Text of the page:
Bill prompts tropical storm warnings in Nova Scotia

HALIFAX -- The Canadian Hurricane Centre has issued its first tropical storm warnings and hurricane storm watch stemming from hurricane Bill.

The centre has issued tropical storm warnings for the Halifax area and parts of Nova Scotia including the Lunenburg, Queens and Shelburne counties.

A tropical storm warning means that sustained winds of 65 kilometres per hour are expected in those regions within the next day, and implies the threat of local flooding from heavy rainfall.

Areas further east along the province, including Cape Breton, have been placed under a hurricane watch, meaning that a hurricane poses a possible threat to those areas within the next 36 hours.

Meanwhile, Marine Atlantic announced they are suspending service between Port aux Basques, N.L. and North Sydney, N.S. beginning Sunday morning because they are expecting severe weather conditions.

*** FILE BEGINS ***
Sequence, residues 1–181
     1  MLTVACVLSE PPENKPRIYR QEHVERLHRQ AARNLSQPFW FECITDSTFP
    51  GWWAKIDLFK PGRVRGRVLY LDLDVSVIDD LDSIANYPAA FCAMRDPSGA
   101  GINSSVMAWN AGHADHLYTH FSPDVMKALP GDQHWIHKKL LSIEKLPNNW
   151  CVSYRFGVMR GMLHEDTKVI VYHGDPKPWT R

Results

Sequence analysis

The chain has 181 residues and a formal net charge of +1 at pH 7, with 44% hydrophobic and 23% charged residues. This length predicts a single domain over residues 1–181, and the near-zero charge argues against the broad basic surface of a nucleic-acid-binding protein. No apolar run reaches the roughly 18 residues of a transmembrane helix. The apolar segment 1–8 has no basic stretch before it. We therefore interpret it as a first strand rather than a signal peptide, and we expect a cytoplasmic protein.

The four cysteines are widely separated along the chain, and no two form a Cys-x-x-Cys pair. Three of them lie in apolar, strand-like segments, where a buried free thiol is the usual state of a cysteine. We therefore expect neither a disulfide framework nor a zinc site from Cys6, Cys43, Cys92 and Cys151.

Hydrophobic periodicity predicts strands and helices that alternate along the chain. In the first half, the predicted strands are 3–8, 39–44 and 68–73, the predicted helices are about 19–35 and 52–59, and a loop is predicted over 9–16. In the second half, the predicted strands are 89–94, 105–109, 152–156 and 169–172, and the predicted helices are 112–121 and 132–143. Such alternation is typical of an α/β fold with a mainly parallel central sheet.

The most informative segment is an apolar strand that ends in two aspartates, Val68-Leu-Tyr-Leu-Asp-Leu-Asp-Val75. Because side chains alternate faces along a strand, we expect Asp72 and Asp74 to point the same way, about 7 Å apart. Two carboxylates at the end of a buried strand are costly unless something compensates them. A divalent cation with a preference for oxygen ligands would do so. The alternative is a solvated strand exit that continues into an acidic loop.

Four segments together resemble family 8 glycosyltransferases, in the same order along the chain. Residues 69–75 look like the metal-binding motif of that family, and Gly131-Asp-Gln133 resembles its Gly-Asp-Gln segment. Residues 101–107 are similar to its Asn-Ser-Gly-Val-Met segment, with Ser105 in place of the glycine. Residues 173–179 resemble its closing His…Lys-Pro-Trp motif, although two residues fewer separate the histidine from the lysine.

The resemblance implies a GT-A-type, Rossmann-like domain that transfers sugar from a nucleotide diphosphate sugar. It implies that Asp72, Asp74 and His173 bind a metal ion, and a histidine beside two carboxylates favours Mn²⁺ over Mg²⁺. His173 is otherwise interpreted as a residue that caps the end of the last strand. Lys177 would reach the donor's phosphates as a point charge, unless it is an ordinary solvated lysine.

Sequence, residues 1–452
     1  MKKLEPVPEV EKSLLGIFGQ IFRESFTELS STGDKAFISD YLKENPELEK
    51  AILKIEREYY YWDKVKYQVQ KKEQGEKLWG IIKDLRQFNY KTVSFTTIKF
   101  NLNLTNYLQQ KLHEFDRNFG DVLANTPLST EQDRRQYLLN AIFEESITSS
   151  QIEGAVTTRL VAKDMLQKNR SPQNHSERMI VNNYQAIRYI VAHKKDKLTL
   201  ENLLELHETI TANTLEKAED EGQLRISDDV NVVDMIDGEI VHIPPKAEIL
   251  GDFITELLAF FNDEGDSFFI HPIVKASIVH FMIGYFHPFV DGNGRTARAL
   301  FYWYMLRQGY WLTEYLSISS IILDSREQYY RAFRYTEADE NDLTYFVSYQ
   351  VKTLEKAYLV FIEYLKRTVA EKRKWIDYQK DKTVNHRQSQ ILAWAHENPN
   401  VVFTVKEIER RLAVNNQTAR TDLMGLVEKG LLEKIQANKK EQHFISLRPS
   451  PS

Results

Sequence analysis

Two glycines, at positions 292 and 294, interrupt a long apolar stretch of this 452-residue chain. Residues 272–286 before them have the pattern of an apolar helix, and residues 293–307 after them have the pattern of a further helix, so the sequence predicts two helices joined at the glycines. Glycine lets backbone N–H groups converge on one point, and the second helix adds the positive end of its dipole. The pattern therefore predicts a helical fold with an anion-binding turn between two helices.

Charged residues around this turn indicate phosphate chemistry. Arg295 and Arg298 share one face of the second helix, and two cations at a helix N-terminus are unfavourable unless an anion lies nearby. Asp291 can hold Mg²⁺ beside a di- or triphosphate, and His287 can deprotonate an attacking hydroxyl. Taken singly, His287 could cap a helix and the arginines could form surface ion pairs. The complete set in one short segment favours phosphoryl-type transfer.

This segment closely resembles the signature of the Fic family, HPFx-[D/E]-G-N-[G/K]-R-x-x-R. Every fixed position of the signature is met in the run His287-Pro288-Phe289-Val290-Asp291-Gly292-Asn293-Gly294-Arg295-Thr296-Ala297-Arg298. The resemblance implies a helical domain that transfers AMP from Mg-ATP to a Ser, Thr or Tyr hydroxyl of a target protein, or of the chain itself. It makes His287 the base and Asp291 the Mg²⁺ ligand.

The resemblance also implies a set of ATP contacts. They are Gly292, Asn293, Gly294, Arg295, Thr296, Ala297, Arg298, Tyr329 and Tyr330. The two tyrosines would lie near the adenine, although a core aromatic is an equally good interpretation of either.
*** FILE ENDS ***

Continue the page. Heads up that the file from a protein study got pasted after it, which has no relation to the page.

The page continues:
The last ferries are sailing tonight at 8 p.m.

John Majchrowicz, vice-president of operations, said it's too high of a risk to have the ferries in the water and the suspension will be in effect for at least 24 hours.

Rainfall warnings have been issued for all of Nova Scotia and eastern Prince Edward Island for Sunday, with total amounts ranging from 75 to 150 millimetres.

As of 9 a.m. Atlantic time today, the centre said hurricane-force winds of 120 km/h, with gusts to 140 km/h, are expected to affect eastern Nova Scotia and southern Cape Breton.


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